Twitter is immersive. It washes over you. But what happens when a great link or clever post goes by? Squidoo just launched a promotion around the new TwttrList tool. The power of this tool is that it turns the momentary stream of tweets into a permanent sign post. A curated best of instead of a random time-based river. You can chronicle a conference, or highlight great posts about your brand or event.
From Seth Godin on why it’s a bad idea for Microsoft to attempt to be “the next Google” with its relaunched search:
Microsoft, home of the Zune, has just announced that they’re going to launch Bing, a rebranding and reformatting of their search engine. So far, they’ve earmarked $100 million just for the marketing.
Bing, of course, stands for But It’s Not Google. The problem, as far as I can tell, is that it is trying to be the next Google. And the challenge for Microsoft is that there already is a next Google. It’s called Google.
Google is not seen as broken by many people, and a hundred million dollars trying to persuade us that it is, is money poorly spent. In times of change, the rule is this:
Don’t try to be the ‘next’. Instead, try to be the other, the changer, the new.
(By the way, this does not deny that there is wisdom in the words “geniuses copy.” Most new things are not wholly original — and shouldn’t be. The key is to take what is indeed excellent from what has been done before — and relevant to what you are doing — but to do it in your own way, integrating it with other excellent ideas [some of which may be unique to you] such that you are creating a new synthesis. That’s how you create something new.)
… Drucker went on to tell us that it was essential that business executives master at least two disciplines, and that one of them must be outside of the field of business. He said this was important in the preparation of an executive for higher responsibilities because, like the corporate attorney suddenly elevated to general management, one never knew what future responsibiliteis might be thrust upon one unexpectedly. Expertise in more than one field was good training for sudden responsibilities in yet another field, and was the only evidence that the manager was capable of mastering more than one discipline.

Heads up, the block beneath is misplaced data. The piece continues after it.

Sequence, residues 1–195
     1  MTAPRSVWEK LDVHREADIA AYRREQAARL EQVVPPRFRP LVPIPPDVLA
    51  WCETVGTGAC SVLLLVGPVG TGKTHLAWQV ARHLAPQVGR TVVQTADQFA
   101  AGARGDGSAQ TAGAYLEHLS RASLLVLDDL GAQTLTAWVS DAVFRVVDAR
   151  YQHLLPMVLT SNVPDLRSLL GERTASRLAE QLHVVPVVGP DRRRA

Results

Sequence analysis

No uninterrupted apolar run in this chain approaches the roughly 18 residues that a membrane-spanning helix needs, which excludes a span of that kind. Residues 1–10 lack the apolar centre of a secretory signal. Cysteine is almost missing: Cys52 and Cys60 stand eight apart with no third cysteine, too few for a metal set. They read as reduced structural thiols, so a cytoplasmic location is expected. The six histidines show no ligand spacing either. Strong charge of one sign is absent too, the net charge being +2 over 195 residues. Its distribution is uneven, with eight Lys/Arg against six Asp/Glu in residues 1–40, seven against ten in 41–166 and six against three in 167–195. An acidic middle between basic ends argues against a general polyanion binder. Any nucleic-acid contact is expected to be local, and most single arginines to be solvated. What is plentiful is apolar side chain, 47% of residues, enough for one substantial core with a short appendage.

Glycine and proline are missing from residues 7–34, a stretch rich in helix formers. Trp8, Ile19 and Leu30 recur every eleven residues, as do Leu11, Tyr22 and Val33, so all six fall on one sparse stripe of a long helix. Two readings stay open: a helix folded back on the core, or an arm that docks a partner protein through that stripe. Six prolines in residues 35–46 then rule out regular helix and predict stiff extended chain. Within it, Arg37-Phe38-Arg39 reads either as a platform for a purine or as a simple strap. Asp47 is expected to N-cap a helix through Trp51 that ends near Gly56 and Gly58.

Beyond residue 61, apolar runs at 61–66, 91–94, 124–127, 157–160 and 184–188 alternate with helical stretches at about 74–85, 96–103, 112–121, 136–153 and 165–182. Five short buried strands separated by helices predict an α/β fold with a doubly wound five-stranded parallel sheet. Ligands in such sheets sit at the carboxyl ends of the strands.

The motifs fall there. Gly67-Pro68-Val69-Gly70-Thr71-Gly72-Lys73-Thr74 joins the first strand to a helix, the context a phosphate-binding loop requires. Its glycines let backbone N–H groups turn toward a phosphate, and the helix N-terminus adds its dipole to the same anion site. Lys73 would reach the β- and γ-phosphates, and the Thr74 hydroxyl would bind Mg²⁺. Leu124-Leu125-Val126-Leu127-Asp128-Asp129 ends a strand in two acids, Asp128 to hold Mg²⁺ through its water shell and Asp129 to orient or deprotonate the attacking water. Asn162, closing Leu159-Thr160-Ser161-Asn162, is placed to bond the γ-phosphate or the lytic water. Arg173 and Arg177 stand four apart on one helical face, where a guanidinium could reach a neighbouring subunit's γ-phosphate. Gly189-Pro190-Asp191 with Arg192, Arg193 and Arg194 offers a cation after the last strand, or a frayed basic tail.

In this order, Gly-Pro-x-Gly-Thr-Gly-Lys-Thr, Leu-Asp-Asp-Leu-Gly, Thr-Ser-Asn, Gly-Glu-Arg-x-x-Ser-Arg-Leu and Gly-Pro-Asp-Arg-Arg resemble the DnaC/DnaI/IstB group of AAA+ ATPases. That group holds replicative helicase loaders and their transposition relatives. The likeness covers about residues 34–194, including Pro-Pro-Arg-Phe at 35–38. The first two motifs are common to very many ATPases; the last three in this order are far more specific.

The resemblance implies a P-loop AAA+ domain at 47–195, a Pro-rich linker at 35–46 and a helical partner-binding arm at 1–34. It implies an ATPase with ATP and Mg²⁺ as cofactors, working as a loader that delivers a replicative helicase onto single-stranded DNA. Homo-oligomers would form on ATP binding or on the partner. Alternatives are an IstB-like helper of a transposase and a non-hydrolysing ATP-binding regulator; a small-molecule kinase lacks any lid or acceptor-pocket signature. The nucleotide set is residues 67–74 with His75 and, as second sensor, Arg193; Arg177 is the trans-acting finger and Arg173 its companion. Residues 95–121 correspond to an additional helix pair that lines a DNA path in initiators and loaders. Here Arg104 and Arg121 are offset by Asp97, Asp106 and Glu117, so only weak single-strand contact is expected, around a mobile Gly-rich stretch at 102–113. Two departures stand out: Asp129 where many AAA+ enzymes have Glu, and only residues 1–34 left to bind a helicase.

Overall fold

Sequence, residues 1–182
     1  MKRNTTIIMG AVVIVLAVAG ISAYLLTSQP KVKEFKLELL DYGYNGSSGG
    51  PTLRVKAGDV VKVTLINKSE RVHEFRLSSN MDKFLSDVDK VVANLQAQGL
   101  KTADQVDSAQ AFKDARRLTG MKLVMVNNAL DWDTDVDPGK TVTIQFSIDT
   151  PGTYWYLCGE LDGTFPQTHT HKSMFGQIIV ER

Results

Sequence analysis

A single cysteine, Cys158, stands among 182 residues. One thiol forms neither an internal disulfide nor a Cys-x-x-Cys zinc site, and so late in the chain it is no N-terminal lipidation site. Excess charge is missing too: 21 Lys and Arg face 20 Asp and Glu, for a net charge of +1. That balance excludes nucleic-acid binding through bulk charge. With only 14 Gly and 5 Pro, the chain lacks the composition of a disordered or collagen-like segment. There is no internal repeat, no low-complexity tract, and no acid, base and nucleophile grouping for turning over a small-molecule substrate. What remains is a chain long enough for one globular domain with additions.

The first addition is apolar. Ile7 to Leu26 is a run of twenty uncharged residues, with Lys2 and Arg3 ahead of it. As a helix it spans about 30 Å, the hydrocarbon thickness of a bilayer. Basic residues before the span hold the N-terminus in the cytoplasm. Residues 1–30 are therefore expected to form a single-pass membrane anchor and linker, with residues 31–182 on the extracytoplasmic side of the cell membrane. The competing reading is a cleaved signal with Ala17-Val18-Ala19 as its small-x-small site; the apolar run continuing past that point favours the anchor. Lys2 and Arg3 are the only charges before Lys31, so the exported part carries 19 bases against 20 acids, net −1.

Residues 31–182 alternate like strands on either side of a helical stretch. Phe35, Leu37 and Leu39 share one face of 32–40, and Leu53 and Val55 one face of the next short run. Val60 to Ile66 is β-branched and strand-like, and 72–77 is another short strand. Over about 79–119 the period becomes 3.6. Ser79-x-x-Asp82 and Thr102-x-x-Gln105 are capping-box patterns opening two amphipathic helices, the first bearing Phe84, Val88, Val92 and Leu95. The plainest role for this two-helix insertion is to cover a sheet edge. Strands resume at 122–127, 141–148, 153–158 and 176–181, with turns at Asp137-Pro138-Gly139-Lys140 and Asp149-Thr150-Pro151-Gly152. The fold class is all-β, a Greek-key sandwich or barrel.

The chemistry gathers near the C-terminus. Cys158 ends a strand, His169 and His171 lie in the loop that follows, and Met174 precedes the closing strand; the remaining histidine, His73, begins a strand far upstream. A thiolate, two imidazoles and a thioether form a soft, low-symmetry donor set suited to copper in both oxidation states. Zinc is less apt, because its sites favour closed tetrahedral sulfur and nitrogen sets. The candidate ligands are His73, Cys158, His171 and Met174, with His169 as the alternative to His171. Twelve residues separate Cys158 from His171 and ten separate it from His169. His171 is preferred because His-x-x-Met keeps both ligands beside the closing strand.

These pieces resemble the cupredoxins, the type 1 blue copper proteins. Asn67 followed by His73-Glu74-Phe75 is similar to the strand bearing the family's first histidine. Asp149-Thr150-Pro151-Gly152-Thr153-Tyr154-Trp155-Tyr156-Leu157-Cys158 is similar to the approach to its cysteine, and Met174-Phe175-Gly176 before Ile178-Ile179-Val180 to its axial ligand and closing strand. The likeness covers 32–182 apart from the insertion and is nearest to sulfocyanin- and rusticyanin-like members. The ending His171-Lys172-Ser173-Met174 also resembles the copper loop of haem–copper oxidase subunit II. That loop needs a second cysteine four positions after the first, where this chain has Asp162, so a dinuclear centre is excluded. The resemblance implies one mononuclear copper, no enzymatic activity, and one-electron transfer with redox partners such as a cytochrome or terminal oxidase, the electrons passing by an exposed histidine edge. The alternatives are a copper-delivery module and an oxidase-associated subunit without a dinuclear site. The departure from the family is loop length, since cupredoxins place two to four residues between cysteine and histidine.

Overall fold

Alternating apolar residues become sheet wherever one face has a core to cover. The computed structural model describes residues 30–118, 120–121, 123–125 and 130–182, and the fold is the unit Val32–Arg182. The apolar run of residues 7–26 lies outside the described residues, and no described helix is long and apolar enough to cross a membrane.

Peter said that mastering at least two disciplines would have a number of beneficial effects. First, the executive would have the self-confidence of knowing that he was not limited to a single field. That he could, if called upon, do something entirely different, and do it well. Moreover, Drucker continued, great advances in any field rarely come from a single discipline. Rather they come from advances in one discipline being transplanted to another sphere, which is totally unfamiliar with these procedures, ideas, or methods which have never been applied to problems in this other domain” (p 74).
This is worth repeating: great advances in any field rarely come from a single discipline; rather they come from advances in one discipline being transplanted to another sphere.
Whether you are starting a business, non-profit, division within your company, or church plant; or if you are launching a new product or service within your company, this book will be worth your time and help improve your chance of getting off the ground well.
I regard it as one of those extra-useful books because, when reading it, I felt like I was reading about a lot of my own mistakes. That was a humbling experience — especially because it actually took a second read for the lights to really come on.
So maybe read it twice.
From Seth Godin’s post yesterday, “It doesn’t hurt to ask“:
Actually, it does hurt. It does hurt to ask the wrong way, to ask without preparation, to ask without permission. It hurts because you never get another chance to ask right.
If you run into Elton John at the diner and say, “Hey Elton, will you sing at my daughter’s wedding?” it hurts any chance you have to get on Elton John’s radar. You’ve just trained him to say no, you’ve taught him you’re both selfish and unrealistic.
If a prospect walks into your dealership and you walk up and say, “Please pay me $200,000 right now for this Porsche,” you might close the sale. But I doubt it. More likely than not you’ve just pushed this prospect away, turned the sliver of permission you had into a wall of self-protection.
Every once in a while, of course, asking out of the blue pays off. So what? That is dwarfed by the extraordinary odds of failing. Instead, invest some time and earn the right to ask. Do your homework. Build connections. Make a reasonable request, something easy and mutually beneficial. Yes leads to yes which just maybe leads to the engagement you were actually seeking.
The cover story for the May 25 edition of Time is on The Future of Work. Here’s the summary:
Ten years ago, Facebook didn’t exist. Ten years before that, we didn’t have the Web. So who knows what jobs will be born a decade from now? Though unemployment is at a 25‑year high, work will eventually return. But it won’t look the same. No one is going to pay you just to show up. We will see a more flexible, more freelance, more collaborative and far less secure work world. It will be run by a generation with new values — and women will increasingly be at the controls. Here are 10 ways your job will change. In fact, it already has.
The ten changes they discuss are:
- The fall of finance
- Bringing ethics to management
- Employee benefits
- The change from a career ladder to a lattice, and the growing role of flexible working arrangements
- Postponing retirement
- The rise of green jobs
- The role of women
- The leadership transition to Generation X